Scientific process involves the process of doing science. This process varies with the type of science being done, but almost always includes working through one the scientific methods; whether it be the experimental or historical methodology.
The Scientific Method
- Defining problems,
- Gather relevant background information,
- Formulate a Hypothesis,
- Experiment taking measurements or making observations, and recording the observations in a notebook; analyze by using various methodologies including statistics, charts, graphs, maps, or time lines.
- Accept, Modify, or Reject Hypothesis.
The Scientific Methodologies are based upon a standard discovery method consisting of the steps of the Scientific Method(s), however, the entry into the steps may often be at any step as the scientists discovers something out of the ordinary that doesn’t match current knowledge or uses a new technology to re-investigate a problem.
There are three relatively formal scientific methodologies (observational, experimental, and modeling), all are used in the sciences; the experimental methodology is most common in Chemistry and Physics and the historical methodology is most common to Geology, Biology, and Anthropology (Gould, S. J. 1989), and modeling in all sciences. Aspects of each are used in the sciences as a way of discovering natural relationships in our world. The historical scientific methodology has its roots in contingency and the sequencing of events, “one funny thing after another,” events that affect subsequent possible events; controlling the flow of history, that is; of what did happen.
Observation is the effective historical process, coupled with recording the observations and their subsequent analysis. This methodology is a powerful scientific method for deciphering events in the historical sciences. It should be noted, that very often the process of scientific inquiry in the historical sciences involves a process of gathering data, analyzing it for anomaly, and then formulating hypotheses to test the anomaly with further observational data.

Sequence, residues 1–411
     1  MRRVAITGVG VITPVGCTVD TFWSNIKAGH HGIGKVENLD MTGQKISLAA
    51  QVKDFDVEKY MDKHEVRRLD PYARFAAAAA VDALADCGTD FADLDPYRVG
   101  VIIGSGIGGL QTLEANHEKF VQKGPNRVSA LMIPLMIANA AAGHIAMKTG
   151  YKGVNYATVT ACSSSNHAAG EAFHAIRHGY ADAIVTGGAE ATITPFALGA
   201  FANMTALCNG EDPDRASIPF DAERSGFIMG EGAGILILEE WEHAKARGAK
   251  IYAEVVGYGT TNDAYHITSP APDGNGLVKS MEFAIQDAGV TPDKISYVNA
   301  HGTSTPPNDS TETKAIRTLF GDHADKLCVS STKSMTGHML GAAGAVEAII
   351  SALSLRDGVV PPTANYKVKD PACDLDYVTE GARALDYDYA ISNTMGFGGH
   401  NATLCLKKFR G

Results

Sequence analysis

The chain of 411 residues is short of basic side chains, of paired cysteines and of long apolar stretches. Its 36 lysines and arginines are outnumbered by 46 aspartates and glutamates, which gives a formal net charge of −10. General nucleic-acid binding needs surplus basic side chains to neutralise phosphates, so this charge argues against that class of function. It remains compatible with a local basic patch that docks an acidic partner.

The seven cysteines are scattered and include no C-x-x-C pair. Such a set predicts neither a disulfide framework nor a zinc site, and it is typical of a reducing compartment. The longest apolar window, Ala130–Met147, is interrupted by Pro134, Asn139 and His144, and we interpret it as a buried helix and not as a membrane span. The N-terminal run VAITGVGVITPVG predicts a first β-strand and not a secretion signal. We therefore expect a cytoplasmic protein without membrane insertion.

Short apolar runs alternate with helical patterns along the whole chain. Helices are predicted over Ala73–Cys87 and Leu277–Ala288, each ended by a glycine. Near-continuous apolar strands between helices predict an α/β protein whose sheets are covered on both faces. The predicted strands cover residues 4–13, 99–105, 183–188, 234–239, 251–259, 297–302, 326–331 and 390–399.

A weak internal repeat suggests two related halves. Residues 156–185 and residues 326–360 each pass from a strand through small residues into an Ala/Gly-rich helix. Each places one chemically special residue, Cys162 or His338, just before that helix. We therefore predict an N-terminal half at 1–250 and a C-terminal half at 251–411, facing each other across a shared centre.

Loose-leaf notes are printed on the computer and used as the basis of the annual notebook.
The physical binder for our Master Notebook is a Mead Five Star Zipper Binder.
Sea turtle interns keep a daily observational notebook and are expected to sequentially document all significant events occurring each day. Data from this notebook are transcribed daily into a master Notebook and onto computerized nest forms and spreadsheets to document the development of each nest, which is in turn uploaded to a web-based database. The student’s notebooks, retained by the students, are used to illustrate note-taking techniques in each of their courses and classrooms.
A nest form can be composed on a computer and printed out in quantity for use in the notebook
A list of prioritized daily duties is often useful template for the interns and also for the conservationist.
Students gather around their John Deere Gator ATV to catch up on notes, wrap samples, and rehydrate.
The learning strategy used in the GSUSTP@SCI involves preparing the student to enter the field with some level of scientific knowledge in place, demonstrating conservation and documentation processes in the field, empowering the teacher-interns to apply hands-on inquiry and critical thinking skills to locating clutches of eggs and their documentation and conservation, mentoring by colleagues through these processes, and developing mechanisms for students to carry this information back to their students. This experiential process builds confidence and self-esteem in student participants and allows them to develop teaching materials that promote their position in their classes, with colleagues, students, and administrators. The practicing of the scientific method, scientific processing skills, accumulation of material for teaching, and networking with teacher-colleagues is enhanced as teacher-interns become more familiar with utilization of emerging electronic technologies on a daily basis.
Last updated: 7/27/2016